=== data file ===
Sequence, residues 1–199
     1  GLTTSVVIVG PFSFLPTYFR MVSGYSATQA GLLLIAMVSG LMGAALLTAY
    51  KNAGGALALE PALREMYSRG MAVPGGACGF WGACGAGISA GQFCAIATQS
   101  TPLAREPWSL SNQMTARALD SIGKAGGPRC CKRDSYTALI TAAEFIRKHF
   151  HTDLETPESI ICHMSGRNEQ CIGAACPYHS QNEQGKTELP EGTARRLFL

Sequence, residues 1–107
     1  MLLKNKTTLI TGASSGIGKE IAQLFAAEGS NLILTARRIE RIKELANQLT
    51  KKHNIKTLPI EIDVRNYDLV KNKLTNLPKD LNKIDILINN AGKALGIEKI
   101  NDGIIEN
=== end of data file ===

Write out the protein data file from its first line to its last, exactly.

Sequence, residues 1–199
     1  GLTTSVVIVG PFSFLPTYFR MVSGYSATQA GLLLIAMVSG LMGAALLTAY
    51  KNAGGALALE PALREMYSRG MAVPGGACGF WGACGAGISA GQFCAIATQS
   101  TPLAREPWSL SNQMTARALD SIGKAGGPRC CKRDSYTALI TAAEFIRKHF
   151  HTDLETPESI ICHMSGRNEQ CIGAACPYHS QNEQGKTELP EGTARRLFL

Sequence, residues 1–107
     1  MLLKNKTTLI TGASSGIGKE IAQLFAAEGS NLILTARRIE RIKELANQLT
    51  KKHNIKTLPI EIDVRNYDLV KNKLTNLPKD LNKIDILINN AGKALGIEKI
   101  NDGIIEN